Preview · Article · Jun 2010 · The Astrophysical Journal
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    ABSTRACT: We present Chandra X-ray data of the NGC 1333 embedded cluster, combining these data with existing Chandra data, Sptizer photometry and ground based spectroscopy of both the NGC 1333 & Serpens North clusters to perform a detailed study of the X-ray properties of two of the nearest embedded clusters to the Sun. In NGC 1333, a total of 95 cluster members are detected in X-rays, of which 54 were previously identified with Spitzer. Of the Spitzer sources, we detect 23% of the Class I protostars, 53% of the Flat Spectrum sources, 52% of the Class II, and 50% of the Transition Disk YSOs. Forty-one Class III members of the cluster are identified, bringing the total identified YSO population to 178. The X-ray Luminosity Functions (XLFs) of the NGC 1333 and Serpens clusters are compared to each other and the Orion Nebula Cluster. Based on this comparison, we obtain a new distance for the Serpens cluster of 360+22/-13 pc. The X-ray luminosity was found to depend on the bolometric luminosity as in previous studies of other clusters, and that Lx depends primarily on the stellar surface area. In the NGC 1333 cluster, the Class III sources have a somewhat higher X-ray luminosity for a given surface area. We also find evidence in NGC 1333 for a jump in the X-ray luminosity between spectral types of M0 and K7, we speculate that this may result from the presence of radiative zones in the K-stars. The gas column density vs. extinction in the NGC 1333 was found to be N_H = 0.89 +/- 0.13 x 10^22 A_K, this is lower than expected of the standard ISM but similar to that found previously in the Serpens Cloud Core. Comment: 58 pages, 14 figures, accepted by AJ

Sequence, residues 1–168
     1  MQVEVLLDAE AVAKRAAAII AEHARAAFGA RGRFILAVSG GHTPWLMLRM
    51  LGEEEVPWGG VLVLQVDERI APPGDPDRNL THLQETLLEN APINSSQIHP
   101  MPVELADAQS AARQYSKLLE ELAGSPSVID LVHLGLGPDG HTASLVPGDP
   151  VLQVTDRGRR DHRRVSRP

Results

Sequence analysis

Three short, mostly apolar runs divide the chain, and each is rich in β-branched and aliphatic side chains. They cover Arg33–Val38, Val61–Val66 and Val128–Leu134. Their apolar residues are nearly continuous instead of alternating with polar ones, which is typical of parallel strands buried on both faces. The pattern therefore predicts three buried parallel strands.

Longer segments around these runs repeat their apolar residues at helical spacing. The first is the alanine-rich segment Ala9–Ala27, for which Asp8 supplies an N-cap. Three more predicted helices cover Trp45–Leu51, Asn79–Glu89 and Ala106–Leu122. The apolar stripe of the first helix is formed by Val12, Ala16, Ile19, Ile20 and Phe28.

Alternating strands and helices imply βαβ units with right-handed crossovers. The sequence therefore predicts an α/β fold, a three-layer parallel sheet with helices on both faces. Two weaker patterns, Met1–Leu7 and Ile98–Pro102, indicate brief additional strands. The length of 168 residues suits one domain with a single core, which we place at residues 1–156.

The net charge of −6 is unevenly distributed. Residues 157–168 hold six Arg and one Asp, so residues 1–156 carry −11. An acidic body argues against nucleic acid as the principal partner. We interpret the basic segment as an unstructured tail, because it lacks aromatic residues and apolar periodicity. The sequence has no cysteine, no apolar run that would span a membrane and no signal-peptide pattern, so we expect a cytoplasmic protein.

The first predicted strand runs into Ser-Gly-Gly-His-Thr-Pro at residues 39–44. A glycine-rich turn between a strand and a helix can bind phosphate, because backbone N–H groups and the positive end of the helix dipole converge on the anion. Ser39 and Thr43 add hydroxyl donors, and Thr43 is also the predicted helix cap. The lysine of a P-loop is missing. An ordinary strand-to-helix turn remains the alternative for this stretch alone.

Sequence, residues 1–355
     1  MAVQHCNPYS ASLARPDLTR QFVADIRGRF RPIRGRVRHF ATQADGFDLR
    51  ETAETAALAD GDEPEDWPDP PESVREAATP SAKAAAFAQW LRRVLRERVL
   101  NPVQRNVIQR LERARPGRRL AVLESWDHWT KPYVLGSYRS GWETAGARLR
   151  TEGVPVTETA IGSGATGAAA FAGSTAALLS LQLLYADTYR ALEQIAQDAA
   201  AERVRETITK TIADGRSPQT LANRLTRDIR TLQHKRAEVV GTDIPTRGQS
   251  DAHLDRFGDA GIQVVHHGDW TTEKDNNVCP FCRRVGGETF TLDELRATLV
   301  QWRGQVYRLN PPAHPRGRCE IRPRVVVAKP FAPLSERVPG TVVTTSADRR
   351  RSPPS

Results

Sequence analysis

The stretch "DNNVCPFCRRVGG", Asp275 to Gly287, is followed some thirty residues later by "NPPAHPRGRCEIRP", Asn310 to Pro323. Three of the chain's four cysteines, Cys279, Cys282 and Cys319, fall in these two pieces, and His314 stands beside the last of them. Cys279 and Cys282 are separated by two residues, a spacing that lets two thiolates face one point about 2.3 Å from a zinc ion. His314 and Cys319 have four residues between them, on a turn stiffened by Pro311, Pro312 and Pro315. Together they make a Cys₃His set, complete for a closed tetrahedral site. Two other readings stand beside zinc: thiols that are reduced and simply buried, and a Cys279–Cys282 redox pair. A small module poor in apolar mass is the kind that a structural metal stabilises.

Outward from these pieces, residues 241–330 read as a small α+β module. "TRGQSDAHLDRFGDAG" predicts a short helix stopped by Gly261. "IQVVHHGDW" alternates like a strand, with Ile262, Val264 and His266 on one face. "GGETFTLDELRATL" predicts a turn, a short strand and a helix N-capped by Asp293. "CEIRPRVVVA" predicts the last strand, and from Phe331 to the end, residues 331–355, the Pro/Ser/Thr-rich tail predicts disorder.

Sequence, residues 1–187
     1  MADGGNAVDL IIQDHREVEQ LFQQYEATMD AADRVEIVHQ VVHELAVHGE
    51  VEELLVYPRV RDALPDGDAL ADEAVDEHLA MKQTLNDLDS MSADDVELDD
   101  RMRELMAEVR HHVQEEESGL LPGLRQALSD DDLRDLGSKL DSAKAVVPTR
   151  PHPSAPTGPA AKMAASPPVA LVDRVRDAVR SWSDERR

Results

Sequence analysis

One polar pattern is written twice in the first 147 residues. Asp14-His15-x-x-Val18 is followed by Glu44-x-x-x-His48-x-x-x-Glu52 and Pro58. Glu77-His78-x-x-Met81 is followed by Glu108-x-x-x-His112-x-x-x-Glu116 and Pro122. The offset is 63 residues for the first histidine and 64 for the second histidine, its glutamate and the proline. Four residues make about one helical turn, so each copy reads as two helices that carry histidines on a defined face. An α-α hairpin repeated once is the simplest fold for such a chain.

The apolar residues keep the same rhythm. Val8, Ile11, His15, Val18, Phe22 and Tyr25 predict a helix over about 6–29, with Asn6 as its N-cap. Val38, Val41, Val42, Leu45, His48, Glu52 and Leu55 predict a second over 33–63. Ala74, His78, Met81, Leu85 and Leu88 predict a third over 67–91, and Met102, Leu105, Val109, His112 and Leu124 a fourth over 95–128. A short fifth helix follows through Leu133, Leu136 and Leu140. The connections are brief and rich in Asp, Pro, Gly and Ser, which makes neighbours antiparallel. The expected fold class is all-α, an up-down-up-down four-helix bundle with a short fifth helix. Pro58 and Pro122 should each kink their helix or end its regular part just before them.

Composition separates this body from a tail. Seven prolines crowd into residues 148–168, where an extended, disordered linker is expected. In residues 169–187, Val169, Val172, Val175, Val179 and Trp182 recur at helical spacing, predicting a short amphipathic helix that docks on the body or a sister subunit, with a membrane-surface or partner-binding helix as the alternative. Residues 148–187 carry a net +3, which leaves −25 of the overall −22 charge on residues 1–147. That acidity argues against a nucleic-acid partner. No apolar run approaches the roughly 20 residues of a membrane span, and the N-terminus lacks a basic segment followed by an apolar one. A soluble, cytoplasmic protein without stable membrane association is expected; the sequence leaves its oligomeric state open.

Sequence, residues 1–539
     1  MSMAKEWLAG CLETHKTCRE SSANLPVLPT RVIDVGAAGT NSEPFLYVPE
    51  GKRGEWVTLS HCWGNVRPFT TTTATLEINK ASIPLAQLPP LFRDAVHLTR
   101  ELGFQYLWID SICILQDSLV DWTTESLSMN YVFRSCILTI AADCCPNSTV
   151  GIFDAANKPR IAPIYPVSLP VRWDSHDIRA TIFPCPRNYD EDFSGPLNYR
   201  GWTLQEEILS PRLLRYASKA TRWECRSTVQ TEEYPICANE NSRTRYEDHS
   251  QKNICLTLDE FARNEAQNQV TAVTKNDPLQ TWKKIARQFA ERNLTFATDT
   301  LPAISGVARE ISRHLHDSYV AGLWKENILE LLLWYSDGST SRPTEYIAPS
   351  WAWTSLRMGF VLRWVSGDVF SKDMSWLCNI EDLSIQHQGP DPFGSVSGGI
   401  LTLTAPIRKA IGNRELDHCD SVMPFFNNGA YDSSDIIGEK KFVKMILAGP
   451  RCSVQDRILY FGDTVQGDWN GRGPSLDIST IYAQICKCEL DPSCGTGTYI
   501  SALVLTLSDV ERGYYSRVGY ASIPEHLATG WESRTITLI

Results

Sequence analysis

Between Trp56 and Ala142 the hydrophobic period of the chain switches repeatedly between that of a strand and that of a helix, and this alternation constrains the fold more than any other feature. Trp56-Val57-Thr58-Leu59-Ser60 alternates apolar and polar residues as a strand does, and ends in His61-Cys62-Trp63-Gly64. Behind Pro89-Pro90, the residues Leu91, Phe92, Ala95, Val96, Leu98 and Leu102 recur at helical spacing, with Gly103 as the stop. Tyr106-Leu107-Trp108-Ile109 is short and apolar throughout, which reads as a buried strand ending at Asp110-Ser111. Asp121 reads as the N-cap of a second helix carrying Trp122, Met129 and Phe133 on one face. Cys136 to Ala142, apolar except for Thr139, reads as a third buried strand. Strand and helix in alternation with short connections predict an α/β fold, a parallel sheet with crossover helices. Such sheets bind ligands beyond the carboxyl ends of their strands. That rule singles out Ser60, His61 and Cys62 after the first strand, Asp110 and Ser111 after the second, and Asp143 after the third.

Full-text · Article · May 2010 · The Astronomical Journal